Nordic Musikk Festival debuting in Poulsbo will fundraise for local nonprofit

·4 min read
The organizers of the Nordic Musikk Fest, K.J. and Heinz Lange, hope to turn the festival into an annual event, K.J. Lange said.
The organizers of the Nordic Musikk Fest, K.J. and Heinz Lange, hope to turn the festival into an annual event, K.J. Lange said.

On Saturday, over 100 residents will line up at Nordic Hill Manor for Poulsbo's first Nordic Musikk Fest, with over five hours of live music and barbecue, to raise funds for North Kitsap Fishline, a nonprofit food and resource center for low-income residents.

All ticket sales for the festival, which is self-funded by Nordic Hill owners K.J. and Heinz Lange, will be donated to the organization. As of Aug. 3, about $7,900 dollars have been raised, and the amount continues to climb.

Kevin Sheen, marketing and communications coordinator for Fishline, said multi-thousand dollar donations like these are rare for the organization to receive, and that the money will be a huge boost for Fishline's mission.

"We're ecstatic about having those additional funds," Sheen said.

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Food banks in Kitsap County have reported an increased need for services over the past several months, according to Sheen. In June, 170 new individuals signed up for services at Fishline, he said, which include showers, rental assistance, utilities assistance and access to Fishline's Market Grocery Store.

The fundraiser's donation will likely be incorporated into a general fund, he said, and then used to buy food or supplies and finance services for the organization.

Becoming event planners

K.J. Lange said she and her husband began planning the festival in late 2021 after more than a year of limited events for Kitsap residents due to COVID-19 restrictions.

The pair enlisted the help of Roy Brown, lead vocalist of Backstreet Jellyroll, a Van Morrison tribute band playing at the fundraiser, to secure musicians to play at the event. Along with Backstreet Jellyroll, performers include The Nick Drummond Band, a Seattle group with original music, and Champagne Sunday, a Tacoma-based glam band.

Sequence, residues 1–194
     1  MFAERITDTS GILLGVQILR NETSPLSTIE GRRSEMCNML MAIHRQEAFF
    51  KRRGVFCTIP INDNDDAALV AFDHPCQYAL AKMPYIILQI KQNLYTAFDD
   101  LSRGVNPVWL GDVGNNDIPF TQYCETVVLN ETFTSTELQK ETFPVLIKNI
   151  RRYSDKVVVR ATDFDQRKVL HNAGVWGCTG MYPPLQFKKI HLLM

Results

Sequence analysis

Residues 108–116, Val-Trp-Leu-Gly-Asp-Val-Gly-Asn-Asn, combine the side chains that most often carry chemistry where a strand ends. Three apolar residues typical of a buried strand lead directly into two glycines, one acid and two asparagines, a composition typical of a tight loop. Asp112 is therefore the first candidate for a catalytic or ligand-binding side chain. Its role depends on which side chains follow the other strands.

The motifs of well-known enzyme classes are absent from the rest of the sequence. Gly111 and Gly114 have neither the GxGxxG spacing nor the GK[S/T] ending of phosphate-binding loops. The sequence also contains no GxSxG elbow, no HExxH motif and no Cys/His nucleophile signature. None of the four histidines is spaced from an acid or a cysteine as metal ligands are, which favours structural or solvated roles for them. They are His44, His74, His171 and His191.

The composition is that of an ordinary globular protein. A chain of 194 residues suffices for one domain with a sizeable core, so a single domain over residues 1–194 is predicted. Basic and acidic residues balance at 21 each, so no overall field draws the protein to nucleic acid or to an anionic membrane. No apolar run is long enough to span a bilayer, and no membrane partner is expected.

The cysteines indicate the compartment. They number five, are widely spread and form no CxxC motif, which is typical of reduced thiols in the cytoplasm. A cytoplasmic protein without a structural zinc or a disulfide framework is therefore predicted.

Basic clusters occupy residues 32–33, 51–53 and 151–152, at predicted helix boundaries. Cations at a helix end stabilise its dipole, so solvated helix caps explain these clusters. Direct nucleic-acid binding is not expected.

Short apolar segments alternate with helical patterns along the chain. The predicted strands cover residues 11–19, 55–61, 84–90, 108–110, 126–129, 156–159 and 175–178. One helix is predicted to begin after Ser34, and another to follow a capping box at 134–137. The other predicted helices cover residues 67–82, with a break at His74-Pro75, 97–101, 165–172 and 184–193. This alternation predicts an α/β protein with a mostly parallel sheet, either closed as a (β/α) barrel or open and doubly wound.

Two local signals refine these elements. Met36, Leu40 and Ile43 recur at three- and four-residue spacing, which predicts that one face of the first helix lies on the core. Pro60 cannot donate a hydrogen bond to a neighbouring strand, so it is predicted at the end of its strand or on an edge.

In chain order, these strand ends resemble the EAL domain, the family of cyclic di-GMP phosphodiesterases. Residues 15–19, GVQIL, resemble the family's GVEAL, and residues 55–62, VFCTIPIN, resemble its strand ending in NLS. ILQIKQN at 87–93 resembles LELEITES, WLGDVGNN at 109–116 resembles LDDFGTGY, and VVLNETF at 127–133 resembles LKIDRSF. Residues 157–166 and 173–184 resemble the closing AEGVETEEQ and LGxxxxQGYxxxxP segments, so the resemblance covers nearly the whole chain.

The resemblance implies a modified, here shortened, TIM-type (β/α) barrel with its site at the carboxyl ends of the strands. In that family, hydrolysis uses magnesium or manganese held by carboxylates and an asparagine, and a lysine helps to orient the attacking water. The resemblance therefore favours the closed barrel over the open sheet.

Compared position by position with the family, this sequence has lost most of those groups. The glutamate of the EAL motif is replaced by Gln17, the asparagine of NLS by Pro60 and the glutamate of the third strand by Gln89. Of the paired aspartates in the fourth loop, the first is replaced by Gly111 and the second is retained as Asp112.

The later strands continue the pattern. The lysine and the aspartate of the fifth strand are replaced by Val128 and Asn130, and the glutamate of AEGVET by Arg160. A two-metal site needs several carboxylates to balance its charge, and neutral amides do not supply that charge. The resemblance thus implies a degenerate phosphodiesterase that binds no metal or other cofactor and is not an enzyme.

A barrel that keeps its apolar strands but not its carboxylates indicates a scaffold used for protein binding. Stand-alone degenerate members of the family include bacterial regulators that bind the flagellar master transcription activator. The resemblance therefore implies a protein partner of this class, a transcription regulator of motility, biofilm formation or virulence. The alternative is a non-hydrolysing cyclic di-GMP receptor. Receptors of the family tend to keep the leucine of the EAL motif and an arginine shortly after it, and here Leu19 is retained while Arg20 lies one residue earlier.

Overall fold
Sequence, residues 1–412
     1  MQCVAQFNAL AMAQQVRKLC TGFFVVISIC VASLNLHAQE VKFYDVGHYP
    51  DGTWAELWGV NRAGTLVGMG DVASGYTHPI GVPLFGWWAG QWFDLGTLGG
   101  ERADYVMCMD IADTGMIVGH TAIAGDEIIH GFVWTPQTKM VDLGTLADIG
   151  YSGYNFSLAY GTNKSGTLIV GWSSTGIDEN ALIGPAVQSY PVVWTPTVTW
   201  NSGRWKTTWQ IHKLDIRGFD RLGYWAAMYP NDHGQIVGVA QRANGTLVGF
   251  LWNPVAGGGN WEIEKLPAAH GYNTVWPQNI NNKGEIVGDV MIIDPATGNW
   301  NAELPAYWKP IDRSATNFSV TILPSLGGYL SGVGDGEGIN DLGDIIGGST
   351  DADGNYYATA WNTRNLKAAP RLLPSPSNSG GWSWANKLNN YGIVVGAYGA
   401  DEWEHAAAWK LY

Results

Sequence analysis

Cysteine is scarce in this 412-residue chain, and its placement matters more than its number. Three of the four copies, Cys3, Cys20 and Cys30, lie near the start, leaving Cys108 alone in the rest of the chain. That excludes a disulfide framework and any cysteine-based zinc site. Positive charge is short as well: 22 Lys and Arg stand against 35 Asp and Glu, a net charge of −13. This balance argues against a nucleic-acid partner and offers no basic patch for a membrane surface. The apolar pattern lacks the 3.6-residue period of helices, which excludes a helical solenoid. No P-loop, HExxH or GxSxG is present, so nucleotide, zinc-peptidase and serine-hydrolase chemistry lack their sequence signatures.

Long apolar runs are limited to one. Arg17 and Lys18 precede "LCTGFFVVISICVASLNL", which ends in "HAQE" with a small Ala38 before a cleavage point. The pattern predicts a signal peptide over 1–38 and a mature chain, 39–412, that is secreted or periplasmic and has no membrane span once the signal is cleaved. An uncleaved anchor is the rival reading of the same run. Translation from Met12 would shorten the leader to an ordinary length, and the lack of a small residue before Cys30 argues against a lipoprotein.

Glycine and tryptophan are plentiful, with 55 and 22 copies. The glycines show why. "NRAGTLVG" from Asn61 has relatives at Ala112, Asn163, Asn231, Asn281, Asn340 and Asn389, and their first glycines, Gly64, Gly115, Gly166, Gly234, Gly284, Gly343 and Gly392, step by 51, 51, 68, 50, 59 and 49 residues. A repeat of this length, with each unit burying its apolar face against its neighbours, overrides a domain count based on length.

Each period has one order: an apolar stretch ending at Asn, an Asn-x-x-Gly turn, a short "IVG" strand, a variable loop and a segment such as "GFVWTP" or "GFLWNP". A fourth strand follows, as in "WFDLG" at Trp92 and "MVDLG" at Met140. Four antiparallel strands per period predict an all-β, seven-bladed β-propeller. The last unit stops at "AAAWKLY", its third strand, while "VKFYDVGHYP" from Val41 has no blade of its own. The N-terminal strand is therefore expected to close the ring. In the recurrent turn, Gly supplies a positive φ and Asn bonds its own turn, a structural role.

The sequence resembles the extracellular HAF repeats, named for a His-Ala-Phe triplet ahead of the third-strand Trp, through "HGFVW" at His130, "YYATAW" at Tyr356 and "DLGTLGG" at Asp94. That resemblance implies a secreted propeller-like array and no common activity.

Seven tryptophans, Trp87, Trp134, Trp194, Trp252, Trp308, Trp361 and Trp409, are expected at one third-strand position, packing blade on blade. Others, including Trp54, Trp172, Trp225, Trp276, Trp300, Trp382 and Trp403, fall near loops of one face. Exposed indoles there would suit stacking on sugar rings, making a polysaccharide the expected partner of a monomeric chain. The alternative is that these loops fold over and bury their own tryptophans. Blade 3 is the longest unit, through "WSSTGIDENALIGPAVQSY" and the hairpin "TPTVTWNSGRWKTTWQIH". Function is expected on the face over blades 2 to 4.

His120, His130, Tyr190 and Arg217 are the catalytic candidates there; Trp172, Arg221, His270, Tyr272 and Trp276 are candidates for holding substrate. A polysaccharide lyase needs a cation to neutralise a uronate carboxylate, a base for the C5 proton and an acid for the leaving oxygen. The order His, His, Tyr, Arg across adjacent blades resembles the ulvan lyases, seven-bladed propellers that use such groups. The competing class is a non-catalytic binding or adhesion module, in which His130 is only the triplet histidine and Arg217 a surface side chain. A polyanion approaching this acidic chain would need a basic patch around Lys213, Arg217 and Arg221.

For Brown, the festival presented an opportunity to organize a music festival in Kitsap. Brown, a Poulsbo resident, said there's an abundance of musicians and individual concerts in Kitsap, there are few large-scale music events for residents.

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"It's a wonderful event for a great community organization, but I was really interested in getting the ball rolling for a music festival," Brown said. "It's not just one band showing up and putting on a nice concert in the evening, but a whole afternoon or evening with multiple bands, putting on great music. It's just a wonderful opportunity to do that."

At Saturday's festival, Pedro's Santa Maria Style BBQ will serve as a vendor for the fundraiser.

K.J. Lange said she and her husband had organized smaller events of around 70 attendees before, so a fundraiser with up to 200 attendees wasn't too sudden of a change for them. But even though they kept the event relatively simple, K.J. Lange said, funding the event on their own dime was a big undertaking.

"We bit off a little bit more than we can chew," Lange said about the costs. "But when it came down to it, we wanted to be able to say that all the ticket sales went to help Fishline."

Lange said they're hoping for sponsors to support the Musikk Fest in future years to ease the financial burden.

A venue with a Nordic flare

Nordic Hill Manor, which sits along South Keyport Road, is primarily a vacation home rented by others rather than an event venue, K.J. Lange said.

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In 2004, K.J. and Heinz Lange hired an architect to design a manor resembling the European features members of the family had seen while traveling the continent. The home was completed in 2008, with furnishings from Austria, Italy and Norway, and was managed as a bed and breakfast until Heinz Lange's father's death in 2016. Afterward, the duo began marketing the manor as a vacation rental with a personal and Nordic theme.

So far, the festival has sold about 150 out of 200 possible tickets. In addition, the festival has received some donations from people who want to support the cause but are unable to attend the event, K.J. Lange said.

The festival will begin at 5 p.m. on Saturday and last until 10 p.m. Tickets cost $50, and can be purchased at

This story has been corrected since it was published to remove an incorrect date for the festival.

This article originally appeared on Kitsap Sun: Poulsbo's Nordic Musikk Festival and fundraiser to have live music, BBQ